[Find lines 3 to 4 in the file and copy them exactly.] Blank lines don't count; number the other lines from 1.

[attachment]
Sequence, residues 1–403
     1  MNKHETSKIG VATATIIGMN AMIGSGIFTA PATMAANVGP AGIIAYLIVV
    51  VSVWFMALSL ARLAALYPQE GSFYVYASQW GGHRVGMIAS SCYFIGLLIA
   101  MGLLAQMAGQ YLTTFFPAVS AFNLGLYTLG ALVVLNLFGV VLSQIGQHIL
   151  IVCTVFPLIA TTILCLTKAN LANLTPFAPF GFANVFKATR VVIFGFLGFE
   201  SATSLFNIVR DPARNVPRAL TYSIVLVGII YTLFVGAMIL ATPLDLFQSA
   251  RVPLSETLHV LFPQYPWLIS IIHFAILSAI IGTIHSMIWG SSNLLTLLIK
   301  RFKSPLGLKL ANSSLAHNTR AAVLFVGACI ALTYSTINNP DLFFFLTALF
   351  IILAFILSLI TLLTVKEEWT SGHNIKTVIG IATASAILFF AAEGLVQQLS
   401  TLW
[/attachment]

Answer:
    51  VSVWFMALSL ARLAALYPQE GSFYVYASQW GGHRVGMIAS SCYFIGLLIA
   101  MGLLAQMAGQ YLTTFFPAVS AFNLGLYTLG ALVVLNLFGV VLSQIGQHIL